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Sand grains are a hidden window into the history of Earth: Study

Sand grains can tell us about the history of the planet, according to a new study undertaken by experts from Curtin University in Australia.

Scientists have devised a new technique for determining the ‘age distribution fingerprint’ of the mineral zircon in sand. This information may be utilised to learn more about the evolution of the Earth’s surface.

Zircon may also be formed when continents collide with each other. Furthermore, in certain circumstances, they can be billions of years old and contain a great deal of history. Zircon is also extremely hard and resistant to erosion.

As the Earth crust moves, it causes new rocks to congeal and in that process, a timestamp of the rock’s age gets registered. It is possible to find remnants of this history even after it is crumbled into small grains.

The new approach allows scientists to work out what mountain-generating processes were taking place in the aeons leading up to the deposition of the bank of sediment by studying the age distribution of zircon in sand samples — from the newest to the oldest.

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According to the researchers, the procedure also gives insight into how Earth originally established a livable biosphere, reaching back in time deeper than existing geological analytic methods. Another advantage of this methodology over previous methods is that it may be used to explain tectonic motions even when the age of the sediment deposit is unknown, which is a fairly regular occurrence.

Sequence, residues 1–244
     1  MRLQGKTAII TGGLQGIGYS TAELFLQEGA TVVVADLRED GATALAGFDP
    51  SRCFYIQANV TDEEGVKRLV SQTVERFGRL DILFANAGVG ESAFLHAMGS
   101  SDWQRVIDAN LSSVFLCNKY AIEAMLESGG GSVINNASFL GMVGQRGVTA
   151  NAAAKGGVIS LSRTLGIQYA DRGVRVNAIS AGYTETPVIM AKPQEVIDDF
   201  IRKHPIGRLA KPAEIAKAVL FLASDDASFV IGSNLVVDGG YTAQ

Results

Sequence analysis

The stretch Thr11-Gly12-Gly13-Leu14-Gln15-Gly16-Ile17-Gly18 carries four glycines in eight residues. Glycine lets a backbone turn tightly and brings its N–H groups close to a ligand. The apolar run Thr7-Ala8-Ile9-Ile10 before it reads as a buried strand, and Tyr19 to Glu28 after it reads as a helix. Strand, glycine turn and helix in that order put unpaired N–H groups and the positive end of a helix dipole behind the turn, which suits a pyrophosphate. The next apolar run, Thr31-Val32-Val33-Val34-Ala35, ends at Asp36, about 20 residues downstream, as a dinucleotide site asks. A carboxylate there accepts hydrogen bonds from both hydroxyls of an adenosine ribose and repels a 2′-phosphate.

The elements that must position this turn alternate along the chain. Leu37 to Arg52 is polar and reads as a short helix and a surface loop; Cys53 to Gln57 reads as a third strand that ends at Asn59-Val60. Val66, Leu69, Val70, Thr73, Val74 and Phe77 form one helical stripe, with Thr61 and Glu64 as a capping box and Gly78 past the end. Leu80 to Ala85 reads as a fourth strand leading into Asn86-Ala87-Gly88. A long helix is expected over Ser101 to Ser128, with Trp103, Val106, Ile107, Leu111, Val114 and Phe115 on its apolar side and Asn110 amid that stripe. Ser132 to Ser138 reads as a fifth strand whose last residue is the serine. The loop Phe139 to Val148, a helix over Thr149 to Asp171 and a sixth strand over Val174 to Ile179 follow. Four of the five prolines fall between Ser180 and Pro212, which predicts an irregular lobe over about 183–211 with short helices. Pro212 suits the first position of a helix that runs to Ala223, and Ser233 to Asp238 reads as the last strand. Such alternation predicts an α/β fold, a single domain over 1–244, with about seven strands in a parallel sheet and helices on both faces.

Researchers used three case studies to evaluate this novel technique, looking at the sediment in South America, East Antarctica, and Western Australia.

Geochronologist Chris Kirkland from Curtin University explains, ‘For example, the sediment on the west and east coasts of South America are completely different because there are many young grains on the west side that were created from crust plunging beneath the continent, driving earthquakes and volcanoes in the Andes. Whereas, on the east coast, all is relatively calm geologically and there is a mix of old and young grains picked up from a diversity of rocks across the Amazon basin’.

The new findings corroborated prior studies on the aforementioned locations. Based on the age distribution of the sediment around them, even individual grains of sand can disclose the tectonic processes that resulted in their genesis.

He added, ‘This new approach allows a greater understanding of the nature of ancient geology in order to reconstruct the arrangement and movement of tectonic plates on Earth through time’.


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